Out of control drunks should be left in privately run 'tanks' until they behave, according to a top cop.
Revellers would then be charged for their care the following morning when they emerge with a sore head.
Chief Constable Adrian Lee, the national policing lead on alcohol harm, said the drastic measure would reduce soaring levels of booze-fuelled disorder.
The cells would be run by a commercial company.
Launching a campaign aimed at highlighting alcohol harm, Lee, the head of Northamptonshire Police, said the police service should no longer have to be responsible for the increasing number of revellers who require medical treatment due to excess drinking.
'Send him to the tank'
He said: "I do not see why the police service or the health service should pick up the duty of care for someone who has chosen to go out and get so drunk that they cannot look after themselves.
"So why don't we take them to a drunk cell owned by a commercial company and get the commercial company to look after them during the night until they are sober?
"When that is over we will issue them with a fixed penalty and the company will be able to charge them for their care, which would be at quite significant cost and that might be a significant deterrent."
Lee is not the first to suggest introducing drunk tanks in the UK, with Humberside Police and Crime Commissioner (PCC) Matthew Grove recently mooting the idea in an interview with trade journal Police Professional.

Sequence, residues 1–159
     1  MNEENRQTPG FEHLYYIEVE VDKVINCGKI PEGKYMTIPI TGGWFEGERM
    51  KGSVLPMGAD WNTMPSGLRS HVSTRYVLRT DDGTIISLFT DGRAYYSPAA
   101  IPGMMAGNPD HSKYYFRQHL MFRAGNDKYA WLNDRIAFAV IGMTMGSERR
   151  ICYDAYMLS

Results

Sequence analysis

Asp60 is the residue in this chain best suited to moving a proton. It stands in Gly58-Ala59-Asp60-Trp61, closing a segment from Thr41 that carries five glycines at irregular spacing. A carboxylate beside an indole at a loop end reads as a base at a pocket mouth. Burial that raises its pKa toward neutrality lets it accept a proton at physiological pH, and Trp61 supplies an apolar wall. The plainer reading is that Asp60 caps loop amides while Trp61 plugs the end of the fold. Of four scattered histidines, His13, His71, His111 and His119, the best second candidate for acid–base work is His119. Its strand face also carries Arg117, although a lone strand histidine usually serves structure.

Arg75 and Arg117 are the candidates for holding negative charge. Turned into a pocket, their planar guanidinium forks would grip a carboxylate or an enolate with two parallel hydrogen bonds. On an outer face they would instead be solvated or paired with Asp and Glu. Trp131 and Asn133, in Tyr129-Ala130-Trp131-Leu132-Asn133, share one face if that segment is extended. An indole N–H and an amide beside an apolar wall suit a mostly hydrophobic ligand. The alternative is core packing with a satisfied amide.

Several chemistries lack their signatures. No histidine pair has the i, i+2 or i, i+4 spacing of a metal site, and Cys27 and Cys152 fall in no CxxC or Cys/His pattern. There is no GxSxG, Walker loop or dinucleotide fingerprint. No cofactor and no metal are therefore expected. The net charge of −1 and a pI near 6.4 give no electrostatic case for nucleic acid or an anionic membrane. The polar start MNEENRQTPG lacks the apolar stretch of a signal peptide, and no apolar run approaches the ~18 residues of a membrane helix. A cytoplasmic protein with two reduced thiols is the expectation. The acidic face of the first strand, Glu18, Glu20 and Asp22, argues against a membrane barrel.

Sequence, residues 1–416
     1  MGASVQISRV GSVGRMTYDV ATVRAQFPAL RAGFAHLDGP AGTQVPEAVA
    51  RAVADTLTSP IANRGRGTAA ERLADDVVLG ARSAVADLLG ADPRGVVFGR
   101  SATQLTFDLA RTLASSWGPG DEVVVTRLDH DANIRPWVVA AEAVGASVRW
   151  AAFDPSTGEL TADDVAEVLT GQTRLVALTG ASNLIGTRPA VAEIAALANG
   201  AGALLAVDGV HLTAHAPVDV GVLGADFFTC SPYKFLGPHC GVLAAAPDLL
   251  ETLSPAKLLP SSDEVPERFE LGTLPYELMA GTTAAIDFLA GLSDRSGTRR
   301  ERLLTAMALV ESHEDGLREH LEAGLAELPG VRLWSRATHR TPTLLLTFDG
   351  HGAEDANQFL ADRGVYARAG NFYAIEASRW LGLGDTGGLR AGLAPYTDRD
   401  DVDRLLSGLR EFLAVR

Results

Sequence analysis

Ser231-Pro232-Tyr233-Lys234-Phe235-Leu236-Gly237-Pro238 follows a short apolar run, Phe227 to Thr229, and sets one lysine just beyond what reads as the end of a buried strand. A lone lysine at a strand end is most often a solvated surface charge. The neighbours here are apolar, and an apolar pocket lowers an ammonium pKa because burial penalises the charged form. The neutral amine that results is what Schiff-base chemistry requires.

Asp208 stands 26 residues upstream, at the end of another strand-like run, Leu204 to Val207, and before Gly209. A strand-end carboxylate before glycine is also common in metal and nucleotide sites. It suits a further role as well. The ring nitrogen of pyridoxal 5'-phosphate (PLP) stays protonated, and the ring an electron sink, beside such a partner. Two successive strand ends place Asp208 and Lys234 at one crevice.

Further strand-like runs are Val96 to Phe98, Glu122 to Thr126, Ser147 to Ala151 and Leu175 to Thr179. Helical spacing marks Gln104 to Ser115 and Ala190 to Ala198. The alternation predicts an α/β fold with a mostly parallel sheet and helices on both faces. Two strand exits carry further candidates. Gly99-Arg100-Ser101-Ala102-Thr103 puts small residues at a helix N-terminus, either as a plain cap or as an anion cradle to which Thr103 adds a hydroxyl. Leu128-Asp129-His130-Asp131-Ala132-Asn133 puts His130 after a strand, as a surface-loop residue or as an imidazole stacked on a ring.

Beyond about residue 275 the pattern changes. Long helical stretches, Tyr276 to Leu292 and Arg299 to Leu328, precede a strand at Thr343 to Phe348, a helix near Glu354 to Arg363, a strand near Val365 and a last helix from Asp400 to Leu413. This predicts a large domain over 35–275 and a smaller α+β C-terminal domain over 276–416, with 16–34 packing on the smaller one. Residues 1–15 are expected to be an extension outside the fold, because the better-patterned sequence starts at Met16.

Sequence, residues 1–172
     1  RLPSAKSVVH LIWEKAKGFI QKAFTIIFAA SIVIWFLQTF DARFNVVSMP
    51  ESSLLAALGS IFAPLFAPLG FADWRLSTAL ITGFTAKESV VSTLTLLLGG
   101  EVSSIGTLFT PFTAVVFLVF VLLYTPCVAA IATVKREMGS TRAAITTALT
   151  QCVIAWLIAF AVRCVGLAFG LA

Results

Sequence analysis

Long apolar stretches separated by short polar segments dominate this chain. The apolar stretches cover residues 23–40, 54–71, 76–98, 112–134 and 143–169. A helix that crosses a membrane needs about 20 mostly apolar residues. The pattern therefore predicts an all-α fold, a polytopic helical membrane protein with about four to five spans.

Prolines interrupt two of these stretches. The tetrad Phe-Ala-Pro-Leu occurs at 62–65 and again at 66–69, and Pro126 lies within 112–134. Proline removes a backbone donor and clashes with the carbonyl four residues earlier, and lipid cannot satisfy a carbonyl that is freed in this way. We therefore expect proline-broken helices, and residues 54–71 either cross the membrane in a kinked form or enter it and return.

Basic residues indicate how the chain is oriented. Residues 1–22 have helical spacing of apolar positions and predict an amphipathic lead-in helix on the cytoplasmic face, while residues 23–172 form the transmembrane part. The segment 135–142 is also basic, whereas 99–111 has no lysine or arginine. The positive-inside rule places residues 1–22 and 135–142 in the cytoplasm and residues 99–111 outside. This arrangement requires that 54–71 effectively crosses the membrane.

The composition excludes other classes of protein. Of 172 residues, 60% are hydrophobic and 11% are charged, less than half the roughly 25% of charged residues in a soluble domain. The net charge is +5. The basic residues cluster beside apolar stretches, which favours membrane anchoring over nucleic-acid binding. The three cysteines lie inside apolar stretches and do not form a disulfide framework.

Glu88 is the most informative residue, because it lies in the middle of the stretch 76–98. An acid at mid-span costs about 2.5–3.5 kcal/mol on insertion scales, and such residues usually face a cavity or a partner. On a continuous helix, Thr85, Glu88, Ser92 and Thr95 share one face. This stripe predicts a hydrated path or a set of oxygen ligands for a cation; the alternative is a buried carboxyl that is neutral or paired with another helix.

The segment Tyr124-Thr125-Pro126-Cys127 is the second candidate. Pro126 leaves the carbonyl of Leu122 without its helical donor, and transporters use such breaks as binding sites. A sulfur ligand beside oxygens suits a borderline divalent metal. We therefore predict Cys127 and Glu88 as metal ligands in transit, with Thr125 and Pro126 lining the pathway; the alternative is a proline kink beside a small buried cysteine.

And it follows proposals for increased privatisation of the police service by way of sponsorship - floated earlier this year by Dorset PCC Martyn Underhill.
Lee continued: "We are not the experts on health. It is quite difficult to work out where the best place to put a drunk is. Is it a police station, or do they need to be at a hospital?
"It is a big demand on police but also not the best way of looking after the specific complex duty of care where there is a health demand.
"Accident and emergency departments are under huge pressure nationally, particularly on a Friday and Saturday nights.
"Why should we have drunks clogging up the A&E, causing further problems potentially? Why not put them somewhere safe where you could have private medical staff on hand?"
At the same briefing, Sir Hugh Orde, President of the Association of Chief Police Officers (Acpo), said intoxicated individuals are "very high risk" and need to be checked every 15 to 30 minutes.
Lee also said he was disappointed no licensing authorities had imposed late-night levies - an additional charge for late-opening alcohol suppliers designed to contribute towards policing the night-time economy.
And he also criticised the Government for failing to implement the minimum price for a unit of alcohol in England and Wales.
The Government shelved the plans in July amid fears the change would hit responsible drinkers.
Crime prevention minister Jeremy Browne said: "I welcome this campaign to raise awareness of the impact of alcohol-fuelled crime, which costs around £11 billion a year in England and Wales.
"Frontline police officers are all too aware of the drunken behaviour and alcohol-fuelled disorder that can effectively turn towns and cities into no-go areas for law-abiding people, particularly on Friday and Saturday nights."